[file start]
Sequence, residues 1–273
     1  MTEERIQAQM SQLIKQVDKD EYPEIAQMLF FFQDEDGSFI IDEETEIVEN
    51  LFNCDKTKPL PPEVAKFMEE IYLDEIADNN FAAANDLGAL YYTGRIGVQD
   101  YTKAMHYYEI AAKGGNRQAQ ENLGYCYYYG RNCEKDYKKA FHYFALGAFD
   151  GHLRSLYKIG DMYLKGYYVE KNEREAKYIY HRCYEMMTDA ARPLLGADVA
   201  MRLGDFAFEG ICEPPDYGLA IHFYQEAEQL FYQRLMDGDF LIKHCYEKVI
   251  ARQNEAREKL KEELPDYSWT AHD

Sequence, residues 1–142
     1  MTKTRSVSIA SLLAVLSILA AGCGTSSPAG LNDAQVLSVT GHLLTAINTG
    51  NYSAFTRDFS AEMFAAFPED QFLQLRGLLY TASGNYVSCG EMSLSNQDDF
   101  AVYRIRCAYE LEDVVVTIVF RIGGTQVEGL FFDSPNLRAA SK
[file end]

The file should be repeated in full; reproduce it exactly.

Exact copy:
Sequence, residues 1–273
     1  MTEERIQAQM SQLIKQVDKD EYPEIAQMLF FFQDEDGSFI IDEETEIVEN
    51  LFNCDKTKPL PPEVAKFMEE IYLDEIADNN FAAANDLGAL YYTGRIGVQD
   101  YTKAMHYYEI AAKGGNRQAQ ENLGYCYYYG RNCEKDYKKA FHYFALGAFD
   151  GHLRSLYKIG DMYLKGYYVE KNEREAKYIY HRCYEMMTDA ARPLLGADVA
   201  MRLGDFAFEG ICEPPDYGLA IHFYQEAEQL FYQRLMDGDF LIKHCYEKVI
   251  ARQNEAREKL KEELPDYSWT AHD

Sequence, residues 1–142
     1  MTKTRSVSIA SLLAVLSILA AGCGTSSPAG LNDAQVLSVT GHLLTAINTG
    51  NYSAFTRDFS AEMFAAFPED QFLQLRGLLY TASGNYVSCG EMSLSNQDDF
   101  AVYRIRCAYE LEDVVVTIVF RIGGTQVEGL FFDSPNLRAA SK